The Gospel isn’t meant to be gulped down on Sunday morning, but gnawed on through the week so it really becomes a part of us. You’ve got to work at it, like a dog with a good bone! Here’s the Gospel for this coming Sunday — the Sixteenth Sunday After Pentecost — with food for thought on privilege, equity and God’s Economy … Gnaw away!
Jesus said, “The kin-dom of heaven is like the owner of an estate who went out at dawn to hire workers for the vineyard. After reaching an agreement with them for the usual daily wage, the owner sent them out to the vineyard.
About mid-morning, the owner came out and saw others standing around the marketplace without work, and said to them, ‘You go along to my vineyard and I will pay you whatever is fair.’ At that they left.
Around noon and again in the mid-afternoon, the owner came out and did the same. Finally, going out late in the afternoon, the owner found still others standing around and said to them, ‘Why have you been standing here idle all day?”
‘No one has hired us,’ they replied.
The owner said, ‘You go to my vineyard, too.’
When evening came, the owner said to the overseer, ‘Call the workers and give them their pay, but begin with the last group and end with the first.’ When those hired late in the afternoon came up, they received a full day’s pay, and when the first group appeared they assumed they would get more. Yet they all received the same daily wage.
Thereupon they complained to the owner, ‘This last group did only an hour’s work, but you’ve put them on the same basis as those who worked a full day in the scorching heat.’
‘My friends,’ said the owner to those who voiced this complaint, ‘I do you no injustice. You agreed on the usual wage, didn’t you? Take your pay and go home. I intend to give this worker who was hired last the same pay as you. I’m free to do as I please with my money, aren’t I? Or are you envious because I am generous?
“Thus the last will be first and the first will be last.”
The Backstory – What’s Going On Here?
From the last two Sundays’ readings about how we as disciples are to live with one another — with no limit to the depth of our truth-telling and forgiveness — Jesus expands the conversation in breadth and depth.
In Matthew 19, Jesus deals with marriage, people who for various reasons are celibate, children and wealth. In each case, Jesus emphasizes mutual commitment and fidelity. Nothing should stand in the way of the community embracing one another — not legalism or human weakness, not power differences, not economic differences. Everything that has the power to divide us from each other must be set aside for the sake of us gathering around the presence of the living God together. The need for the community to be supremely faithful to one another as together they are faithful to Christ overshadows every other criteria for judgment.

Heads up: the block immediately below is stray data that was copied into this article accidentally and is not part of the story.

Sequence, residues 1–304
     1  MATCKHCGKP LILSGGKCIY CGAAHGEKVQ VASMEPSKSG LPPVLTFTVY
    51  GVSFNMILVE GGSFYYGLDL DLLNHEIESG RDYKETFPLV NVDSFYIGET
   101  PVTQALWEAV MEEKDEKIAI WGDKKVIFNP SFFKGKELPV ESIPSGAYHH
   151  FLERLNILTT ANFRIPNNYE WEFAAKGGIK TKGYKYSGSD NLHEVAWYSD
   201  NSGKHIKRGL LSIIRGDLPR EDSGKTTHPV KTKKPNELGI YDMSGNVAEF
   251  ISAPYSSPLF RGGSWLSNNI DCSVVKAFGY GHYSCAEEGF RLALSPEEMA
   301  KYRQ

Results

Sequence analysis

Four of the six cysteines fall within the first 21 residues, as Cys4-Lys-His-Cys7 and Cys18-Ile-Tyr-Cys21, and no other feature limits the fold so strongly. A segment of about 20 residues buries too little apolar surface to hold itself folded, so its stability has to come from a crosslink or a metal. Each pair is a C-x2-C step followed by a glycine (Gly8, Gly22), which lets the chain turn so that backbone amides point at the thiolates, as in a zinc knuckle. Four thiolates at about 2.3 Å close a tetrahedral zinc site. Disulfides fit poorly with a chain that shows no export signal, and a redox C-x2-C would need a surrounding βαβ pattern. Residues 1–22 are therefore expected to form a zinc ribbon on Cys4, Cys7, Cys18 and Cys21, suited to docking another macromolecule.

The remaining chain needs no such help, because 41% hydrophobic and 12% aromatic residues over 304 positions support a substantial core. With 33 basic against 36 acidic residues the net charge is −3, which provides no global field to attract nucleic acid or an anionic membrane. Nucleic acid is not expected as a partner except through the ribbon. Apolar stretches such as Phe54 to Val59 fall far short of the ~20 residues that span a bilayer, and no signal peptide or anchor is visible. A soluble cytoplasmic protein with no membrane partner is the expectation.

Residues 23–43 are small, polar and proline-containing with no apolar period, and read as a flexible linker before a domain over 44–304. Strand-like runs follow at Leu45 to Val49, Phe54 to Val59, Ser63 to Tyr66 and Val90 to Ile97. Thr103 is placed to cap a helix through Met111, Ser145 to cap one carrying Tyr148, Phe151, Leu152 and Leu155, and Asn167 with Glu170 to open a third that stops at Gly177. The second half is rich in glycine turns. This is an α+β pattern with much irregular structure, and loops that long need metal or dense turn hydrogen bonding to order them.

It is of this principle that the parable of the laborers in the vineyard is an illustration. What has greater power to divide the community against each other than envy and covetousness? But Jesus doesn’t just say we shouldn’t be envious and covet what others have … but that the superabundant grace of God makes it unnecessary. We can be free of our envy. The last can be first and the first can be last not because the rankings have been shuffled but because with the superabundant grace of God, there is no need for rationing and ranking. All are loved deeply and equally so all can love one another the same.
A few things to chew on:
The heart of this parable is a turf war. The full-day laborers feel a sense of entitlement. The full days’ wage is their due and theirs alone. At no time in the story are they worried about not getting paid … their only concern is that someone else is infringing on turf that should be only theirs. Jesus’ message is clear — we own nothing. We are all recipients of God’s grace and God alone decides how that is meted out. And we don’t have to be imprisoned by envy and arm ourselves to defend our turf. We can be joyful and welcome everyone into the labor … at full wage!
Read a few verses before this parable and you’ll hear Jesus telling the disciples that they will “sit on 12 thrones, judging the 12 tribes of Israel” … and the parable illustrates the kind of justice they will mete out. But also read a few verses after the parable. In Matthew 20:1-19, Jesus once again reminds them they are “going up to Jerusalem, and the Son of man will be delivered to the chief priests and scribes, and they will condemn him to death, and deliver him to the Gentiles to be mocked and scourged and crucified, and he will be raised on the third day.” When we follow Jesus, crosses and thrones are bound together. And the liberating justice we are called to live is not bound to be overly popular!
There is perhaps no thinner line than between righteousness and self-righteousness. We are all tempted to stiffen our necks and look down on others when we are convinced that we are morally in the right, that we somehow have a corner on the market of God’s wisdom and what is right. The full-day laborers in the vineyard crossed that line … we all do.
This week, take a few minutes each morning and think of a situation in your life where you are certain you are right — and do three things.
1) Try to see it from a different even opposite perspective. What seemed like injustice to the full-day laborer felt like incredible grace to the short-timer.
2) Ask yourself “what does humbly following Jesus look like?” Remember, this story is part of a whole section about the Christian community where humbly following Jesus is the core ethic.